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Broadening the Bookshelves: Getting to know deaf literature

This month, we’re focusing on deaf literature.

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Note: In conversations with our experts for this installation, we learned that there is some question still about whether it’s more appropriate to use capital-D Deaf, lowercase-d deaf, or some combination of the two. We also learned that the National Deaf Center has chosen to use the lowercase-d version of the term, which is, in their words, inclusive of “people who may identify as deaf, deafblind, deafdisabled, hard of hearing, late-deafened, and hearing impaired.” In our interviews, however, we have opted to honor the usage that each interviewee preferred to use, so you may see some discrepancy between our experts.

 

When I first started planning this column, I sent a call out to my network to ask what literatures they would like to see covered in it. One answer, from a colleague in the work I do in inclusion education, stood out to me: “May I suggest a column on deaf literature?” 

My knee-jerk reaction got the better of me, and I quickly replied, “Of course!” But really, I had no idea what that actually meant. Deaf literature! Surely deaf literature is the same as hearing literature. Since deaf people can read, could it possibly be all that different? 

A quick internet search proved me wrong right away. I stumbled onto a post by Dr. Kristen Harmon, who teaches creative writing at Gallaudet University, a bilingual American Sign Language (ASL)-English university. “None of my students at that time included sign language or Deaf characters or ways of being in their stories,” she writes, noting that this is a clear sign of the dearth of deaf characters in American literature.

I wondered if there were specific markers of deaf literature that I, as a hearing individual, might be overlooking or underappreciating or, more likely, some combination of the two. I reached out to Jenna Beacom, who is a sensitivity reader for deaf literature and a writer herself. We started out by talking about what makes deaf literature deaf literature. “First of all, I’d say it has to be a deaf author,” she said. “If not, it has to be someone very experienced with deaf culture. I did a sensitivity read for a book that was written by a hearing, long-term educational interpreter. She knew her stuff.” But Beacom underscores the importance of “centering the deaf experience.” “Some hearing people have enough knowledge to write this well, [but] I still think they should defer to deaf authors,” she said.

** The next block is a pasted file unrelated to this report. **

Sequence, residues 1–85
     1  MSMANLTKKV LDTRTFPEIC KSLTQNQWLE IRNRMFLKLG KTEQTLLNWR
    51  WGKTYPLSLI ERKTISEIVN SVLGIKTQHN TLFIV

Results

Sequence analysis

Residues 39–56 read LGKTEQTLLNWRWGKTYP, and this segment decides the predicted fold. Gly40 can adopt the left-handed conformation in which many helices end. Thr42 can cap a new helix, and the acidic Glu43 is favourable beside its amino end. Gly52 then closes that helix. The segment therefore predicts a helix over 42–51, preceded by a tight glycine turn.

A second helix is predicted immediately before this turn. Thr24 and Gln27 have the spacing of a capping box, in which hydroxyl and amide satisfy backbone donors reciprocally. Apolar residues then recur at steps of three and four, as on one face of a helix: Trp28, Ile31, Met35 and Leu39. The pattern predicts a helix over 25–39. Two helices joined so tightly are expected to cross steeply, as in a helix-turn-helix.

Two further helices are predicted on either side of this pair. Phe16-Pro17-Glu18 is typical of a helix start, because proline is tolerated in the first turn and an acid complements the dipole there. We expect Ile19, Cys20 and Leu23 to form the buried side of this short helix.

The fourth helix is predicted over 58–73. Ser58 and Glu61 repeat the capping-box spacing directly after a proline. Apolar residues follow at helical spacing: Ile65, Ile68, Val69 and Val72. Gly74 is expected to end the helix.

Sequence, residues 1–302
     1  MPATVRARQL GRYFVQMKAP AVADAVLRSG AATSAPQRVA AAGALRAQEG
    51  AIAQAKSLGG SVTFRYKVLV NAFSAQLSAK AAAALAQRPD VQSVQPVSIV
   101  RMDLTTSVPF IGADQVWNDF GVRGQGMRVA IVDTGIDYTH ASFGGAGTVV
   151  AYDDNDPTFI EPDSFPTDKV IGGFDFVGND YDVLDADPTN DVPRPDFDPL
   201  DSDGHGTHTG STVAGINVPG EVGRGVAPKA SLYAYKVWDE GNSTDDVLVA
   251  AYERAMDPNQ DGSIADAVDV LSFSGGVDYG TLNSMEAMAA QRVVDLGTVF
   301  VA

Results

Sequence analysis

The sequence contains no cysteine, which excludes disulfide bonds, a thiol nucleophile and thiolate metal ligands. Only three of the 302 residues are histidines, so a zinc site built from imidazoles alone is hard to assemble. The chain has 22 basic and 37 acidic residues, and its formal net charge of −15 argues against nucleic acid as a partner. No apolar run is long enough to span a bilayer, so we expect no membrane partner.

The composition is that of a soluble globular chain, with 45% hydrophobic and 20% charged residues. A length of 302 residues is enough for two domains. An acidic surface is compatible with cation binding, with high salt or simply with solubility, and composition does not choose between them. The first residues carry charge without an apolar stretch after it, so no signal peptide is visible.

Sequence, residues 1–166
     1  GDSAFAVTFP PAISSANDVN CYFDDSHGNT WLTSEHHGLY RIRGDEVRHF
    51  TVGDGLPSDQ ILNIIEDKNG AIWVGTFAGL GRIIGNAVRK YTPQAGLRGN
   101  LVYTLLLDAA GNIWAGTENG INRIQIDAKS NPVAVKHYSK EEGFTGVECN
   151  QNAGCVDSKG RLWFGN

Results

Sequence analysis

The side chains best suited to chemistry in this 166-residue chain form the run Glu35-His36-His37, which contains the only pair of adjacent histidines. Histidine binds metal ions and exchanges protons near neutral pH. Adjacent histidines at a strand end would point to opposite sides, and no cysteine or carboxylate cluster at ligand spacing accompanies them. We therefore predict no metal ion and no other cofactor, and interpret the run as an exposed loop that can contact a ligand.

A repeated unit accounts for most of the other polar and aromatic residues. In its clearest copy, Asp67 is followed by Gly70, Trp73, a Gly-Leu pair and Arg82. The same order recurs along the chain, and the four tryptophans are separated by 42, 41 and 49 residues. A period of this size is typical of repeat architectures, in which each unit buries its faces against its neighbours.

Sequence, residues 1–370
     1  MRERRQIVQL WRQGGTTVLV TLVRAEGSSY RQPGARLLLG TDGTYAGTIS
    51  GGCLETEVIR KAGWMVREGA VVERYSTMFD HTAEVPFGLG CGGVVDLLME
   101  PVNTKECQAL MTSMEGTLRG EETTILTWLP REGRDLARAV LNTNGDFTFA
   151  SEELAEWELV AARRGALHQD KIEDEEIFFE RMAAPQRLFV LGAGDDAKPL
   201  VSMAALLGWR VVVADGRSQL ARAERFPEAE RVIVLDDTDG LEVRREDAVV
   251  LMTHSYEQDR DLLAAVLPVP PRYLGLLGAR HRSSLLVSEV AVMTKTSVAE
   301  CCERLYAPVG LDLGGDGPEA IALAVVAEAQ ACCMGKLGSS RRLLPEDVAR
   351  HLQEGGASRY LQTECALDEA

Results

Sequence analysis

Dr. Michael Skyer, who teaches deaf pedagogy at Rochester Institute of Technology, agreed. “The ‘line’ between biography and literature is thin in deaf literature. Most deaf rhetors/authors/artists draw heavily on personal narratives and their own formative experiences to craft their works; others look to document or understand a diverse cross-section of other deaf community members, perhaps in an effort to synthesize diverse narratives into typical ones,” he wrote me. 

So far, this is all tracking with what I think I know about most marginalized literatures. But I know I’m missing something, and Skyer illuminates for me: “Deaf literature is often wrongly characterized as visual. While it is visual, it is not only visual but multimodal. This multimodality includes traditional memoirs, novels, and poems, but also sign language poems and longer narratives captured on video or film,” he told me. “The aesthetics of deaf art are multimodal and visual and bodily and kinetic; whereas many traditional nondeaf authors are aural, linear, ‘black and white’ (in a literal sense), and ultimately focused narrowly on language as the mode of expression. Deaf rhetors/authors/artists are eminently multimodal; the most talented of them eschew language as a singular container of meaning-making, and this is the key draw for me.”

Beacom points out another characteristic of deaf literature that hearing writers may not pay as much attention to: close detail in terms of action blocking or description. She noted, “One [difference] would be an emphasis on describing the scene and how people relate to each other. Can they see each other? Are their hands busy? Does it make sense that they are doing X and signing at the same time?”